Domineering Harriet Craig holds more regard for her home and its possessions than she does for any person in her life. Among those she treats like household objects are her kind husband ... See full summary »
Millicent Wetherby is a middle-aged woman whose life is devoid of love and affection. Millicent's solitary existence changes when she encounters Burt Hansen a charismatic younger man. As ... See full summary »
A tough lady gangster learns that she will be totally blind within a week. She seeks help from the one eye surgeon who may be able to save her sight. In the process, he also causes her to ... See full summary »
Jenny Stewart is a tough Broadway musical star who doesn't take criticism from anyone. Yet there is one individual, Tye Graham, a blind pianist who may be able to break through her tough ... See full summary »
Mary, a writer working on a novel about a love triangle, is attracted to her publisher. Her suitor Jimmy is determined to break them up; he introduces Mary to the publisher's wife without ... See full summary »
Commercial artist Daisy Kenyon is involved with married lawyer Dan O'Mara, and hopes someday to marry him, if he ever divorces his wife Lucille. She meets returning veteran Peter, a decent ... See full summary »
Carnival dancer Lane Bellamy finds herself stranded in a southern town ruled by corrupt political boss Titus Semple. Lane becomes romantically involved with sheriff Fielding Carlisle, a ... See full summary »
Joan Crawford makes her first entrance in the film in a white mink coat with a dark brown fox collar. The look of this outfit is copied in Mommie Dearest (1981) when Christina visits Joan and Alfred Steele in their still-under construction apartment. See more »
Joan Crawford appears to have a field day in this extraordinarily engrossing, overheated family melodrama. Ranald MacDougall's script is like Tennessee Williams without the poetry or the subtext. And it's like Douglas Sirk without the sumptuous color or the inner turmoil it disguises.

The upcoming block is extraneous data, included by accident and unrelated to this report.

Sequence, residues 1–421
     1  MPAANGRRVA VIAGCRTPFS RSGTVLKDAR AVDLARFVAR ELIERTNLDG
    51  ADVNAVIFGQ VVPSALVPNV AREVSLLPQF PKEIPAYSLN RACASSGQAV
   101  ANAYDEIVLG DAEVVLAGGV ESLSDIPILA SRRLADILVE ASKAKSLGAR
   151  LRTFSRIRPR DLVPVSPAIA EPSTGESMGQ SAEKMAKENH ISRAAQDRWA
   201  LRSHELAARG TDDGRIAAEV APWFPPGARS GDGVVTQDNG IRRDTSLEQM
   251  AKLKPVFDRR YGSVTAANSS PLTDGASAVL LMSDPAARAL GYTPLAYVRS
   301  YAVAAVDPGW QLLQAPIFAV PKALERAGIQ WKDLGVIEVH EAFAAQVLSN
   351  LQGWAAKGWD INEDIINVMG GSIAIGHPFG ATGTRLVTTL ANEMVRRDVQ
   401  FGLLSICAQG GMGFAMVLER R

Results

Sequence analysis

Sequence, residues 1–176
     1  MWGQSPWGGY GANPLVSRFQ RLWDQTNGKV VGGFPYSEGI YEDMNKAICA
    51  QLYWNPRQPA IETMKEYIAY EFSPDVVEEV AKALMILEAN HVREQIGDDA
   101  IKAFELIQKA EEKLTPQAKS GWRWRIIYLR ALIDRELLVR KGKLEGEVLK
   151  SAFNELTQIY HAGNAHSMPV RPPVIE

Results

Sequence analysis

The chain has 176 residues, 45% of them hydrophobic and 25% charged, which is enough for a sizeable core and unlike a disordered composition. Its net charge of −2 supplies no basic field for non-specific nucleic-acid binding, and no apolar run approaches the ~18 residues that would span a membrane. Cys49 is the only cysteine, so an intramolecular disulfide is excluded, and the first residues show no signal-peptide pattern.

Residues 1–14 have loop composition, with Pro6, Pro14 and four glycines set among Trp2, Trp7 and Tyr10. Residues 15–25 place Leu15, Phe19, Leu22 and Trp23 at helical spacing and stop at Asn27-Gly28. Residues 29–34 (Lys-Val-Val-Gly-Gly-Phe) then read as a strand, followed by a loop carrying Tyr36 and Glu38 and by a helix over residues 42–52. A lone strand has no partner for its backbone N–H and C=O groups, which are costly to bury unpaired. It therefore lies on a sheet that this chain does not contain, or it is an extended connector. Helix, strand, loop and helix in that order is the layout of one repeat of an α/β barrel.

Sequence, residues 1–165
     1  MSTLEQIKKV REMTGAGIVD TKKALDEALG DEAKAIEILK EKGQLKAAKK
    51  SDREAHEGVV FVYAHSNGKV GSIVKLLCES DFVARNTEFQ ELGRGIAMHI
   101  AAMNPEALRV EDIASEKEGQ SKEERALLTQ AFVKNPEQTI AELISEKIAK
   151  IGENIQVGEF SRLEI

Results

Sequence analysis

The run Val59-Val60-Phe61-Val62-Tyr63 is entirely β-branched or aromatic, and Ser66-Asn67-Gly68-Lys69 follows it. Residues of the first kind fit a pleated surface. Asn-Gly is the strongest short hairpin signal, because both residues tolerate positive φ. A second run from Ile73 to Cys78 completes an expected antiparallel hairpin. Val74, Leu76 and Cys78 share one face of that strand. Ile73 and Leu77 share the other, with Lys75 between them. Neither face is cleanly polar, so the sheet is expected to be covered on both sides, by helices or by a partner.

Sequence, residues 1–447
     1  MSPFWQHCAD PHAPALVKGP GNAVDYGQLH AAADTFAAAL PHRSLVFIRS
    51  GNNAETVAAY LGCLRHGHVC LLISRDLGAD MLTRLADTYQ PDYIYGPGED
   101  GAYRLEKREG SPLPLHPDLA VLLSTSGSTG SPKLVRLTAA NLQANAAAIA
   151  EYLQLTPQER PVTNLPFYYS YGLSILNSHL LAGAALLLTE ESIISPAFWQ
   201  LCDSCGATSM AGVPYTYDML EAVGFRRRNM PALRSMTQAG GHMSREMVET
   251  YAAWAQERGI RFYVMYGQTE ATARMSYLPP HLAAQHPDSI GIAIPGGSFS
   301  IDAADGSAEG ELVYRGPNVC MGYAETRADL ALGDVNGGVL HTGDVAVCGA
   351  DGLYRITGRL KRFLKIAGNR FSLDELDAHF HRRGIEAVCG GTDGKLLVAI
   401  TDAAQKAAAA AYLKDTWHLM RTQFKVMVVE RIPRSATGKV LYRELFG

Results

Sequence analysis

Eva Philips is possessive, controlling, and self-absorbed, and Crawford plays her to the hilt. What more could any fan ask?
In one memorable scene, her cousin asks what the doctor said (about Eva's troubled child). "Such extravagant things!" responds Eva, "Did you see how the doctor trembled as he spoke to me? You'd think he'd never seen a beautiful woman before!"
Moments like these are pure gold (or should it be 'honey'?) in this wondrous opera-without-singing.
The rest of the cast consists of some more than adequate talent: Barry Sullivan (Eva's booze-soaked, trampled husband), John Ireland (a former lover, still caught by her stinger. He gets one of the best lines: "Whatever you are Eva, you're on wheels!"), Betsy Palmer (the deer in Eva's lethal headlights). Lucy Marlow (that starlet from the opening sequence of A STAR IS BORN, 1954) is passable. (In a recent TCM documentary, it is revealed that Crawford really slapped the younger actress with all her might.). Fay Wray makes a brief, but noteworthy appearance early on, a past casualty of Eva's rampaging ego.
If you enjoy watching a 5-foot Godzilla in a Jean Louis gown, don't miss QUEEN BEE.
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